Mexico is famous for being one of the most biodiverse countries on the planet. This amazing biodiversity is owed to the wide-ranging topography of the country – varying from 0 to 5600 metres above sea level – with the most diverse areas being in the southern and south-eastern parts of the country. Approximately 10% of the world’s flora is present in Mexico which itself only covers 1% of the world’s surface.
Mexico is home to many domesticated plants, such as cotton, cacao, maize, tomato, papaya, avocado, chillies, squash, agaves and vanilla. Besides these important food crops, countless ornamental plants also come from Mexico, such as the poinsettia Euphorbia pulcherrima, the ponytail palm (elephant’s foot) Beaucarnea recurvata (the world’s highest selling ornamental plant, whose seed is collected in the wild), the frangipani Plumeria (of Hawaiian lei fame), marigolds, dahlias, and countless ornamental cacti, orchids, and bromeliads. Mexico also has vast numbers of species which are more commonly known to occur in temperate countries – oaks (more than 100 species in Mexico), pines (more than 40 species) and cycads (more than 40 species).
As well as a huge variety of species to work with, Mexico also boasts many beautiful ecosystems to study, including well-conserved areas that require much work to preserve them. Most of Mexico is composed of drylands (approximately 70%), but there are also the tropical rainforests, temperate forests of pine and oak and the mountain cloud forests that attract a lot of interest from ecologists.
Plant ecological research is very active in Mexico with a lot of research dedicated to establishing exactly what plants live in the country. In fact, dozens of new plant species are discovered every year in areas that remain scientifically unexplored such as the enormous ridges and canyons of the Western Sierra Madre and parts of the Northern deserts. There is also a strong focus on conservation, regeneration and restoration, fragmentation and land-use change – levels of which are amongst the highest in the world. Other active areas of basic research include work on invasive species, pollination and seed dispersal, and resistance against pathogens and herbivores.
Mexico is a pioneer in research on tropical forest succession, particularly because of the work of José Sarukhán, who is a key driving force for ecological research in the country. Sarukhán has made further key contributions for Mexican ecology with his work for the National Commission for Knowledge and Use of Biodiversity (CONABIO), which has put together the largest national biodiversity database in the world. Other important work from Mexico includes research in biogeography, in particular the contributions of Jerzy Rzedowski. Widely acknowledged as Mexico’s most eminent botanist, Rzedowski’s work hugely increased the understanding of vegetation in Mexico and he has countless species named after him.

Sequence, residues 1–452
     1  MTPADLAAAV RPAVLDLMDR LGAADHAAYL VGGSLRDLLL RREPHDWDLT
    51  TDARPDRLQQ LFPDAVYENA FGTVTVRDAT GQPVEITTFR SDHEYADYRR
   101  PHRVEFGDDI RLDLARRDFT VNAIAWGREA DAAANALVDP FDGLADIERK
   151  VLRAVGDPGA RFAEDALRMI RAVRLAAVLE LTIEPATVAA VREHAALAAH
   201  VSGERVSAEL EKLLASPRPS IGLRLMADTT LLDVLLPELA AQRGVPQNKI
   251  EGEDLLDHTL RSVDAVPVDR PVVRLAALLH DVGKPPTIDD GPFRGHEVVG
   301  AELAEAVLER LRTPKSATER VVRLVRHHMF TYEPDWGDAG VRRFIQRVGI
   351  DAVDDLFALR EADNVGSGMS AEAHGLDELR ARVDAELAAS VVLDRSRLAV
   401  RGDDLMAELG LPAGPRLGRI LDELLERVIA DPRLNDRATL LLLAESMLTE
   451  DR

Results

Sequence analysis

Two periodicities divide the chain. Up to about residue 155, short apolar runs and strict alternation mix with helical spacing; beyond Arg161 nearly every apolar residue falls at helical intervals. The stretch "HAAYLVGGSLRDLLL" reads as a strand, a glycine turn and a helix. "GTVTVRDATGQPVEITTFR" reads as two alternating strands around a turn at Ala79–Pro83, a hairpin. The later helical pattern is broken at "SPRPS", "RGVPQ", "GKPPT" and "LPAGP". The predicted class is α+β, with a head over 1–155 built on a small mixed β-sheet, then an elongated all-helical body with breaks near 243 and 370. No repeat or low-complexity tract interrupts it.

Mexico offers great opportunities for plant ecologists, including through the Mexican Ecological Society which meets every 2 years and helps to facilitate potential collaborations between institutions. There are prestigious research institutions, including the National Autonomous University of Mexico (UNAM) which hosts the National Herbarium (~1,300,000 specimens, the largest in Latin America). UNAM is also home to the Institute of Biology (known for taxonomy, systematics, phylogenetics, evolutionary biology, anatomy, ethnobotany) and the Institute of Ecology (plant ecology, plant evolutionary biology, agroecology, forest management, plant evo-devo, climate change). Although there has been a gradual reduction in funding over recent years, there are a good number of postgraduate programs funded by CONACYT across the country.
Additionally, some of our authors and editors with experience working in Mexico have offered some great advice to share with young scientists looking to make it in the field; choose a topic of importance that you are both interested in and which also benefits the country, look to collaborate as much as possible, be patient and persistent, and as always, aim for excellence in your research.
Some Journal of Ecology studies based in Mexico and from Mexican authors:
Temporal shifts from facilitation to competition occur between closely related taxa, Valiente-Banuet & Verdú, 2008
Defoliation and ENSO effects on vital rates of an understorey tropical rain forest palm, Martínez-Ramos et al., 2009.
Phylogenetic signatures of facilitation and competition in successional communities, Verdú et al., 2009.
Maintenance of tree phylogenetic diversity in a highly fragmented rain forest, Arroyo-Rodríguez et al., 2012.
Resilience to chronic defoliation in a dioecious understorey tropical rain forest palm, Lopez-Toledo et al., 2012.
Defoliation and gender effects on fitness components in three congeneric and sympatric understorey palms, Hernández-Barrios et al., 2012.
Plant β-diversity in fragmented rain forests: testing floristic homogenization and differentiation hypotheses, Arroyo-Rodríguez et al., 2013.
Test of biotic and abiotic correlates of latitudinal variation in defences in the perennial herb Ruellia nudiflora, Abdala-Roberts et al., 2015.
With many thanks to Julieta Rosell, Yessica Rico, Teresa Valverde, Victor Arroyo-Rodriguez, Brigitta van Tussenbroek, Luis Abdala, Ernesto Badano, who all helped a lot in the writing of this article.
James Ross, Assistant Editor, Journal of Ecology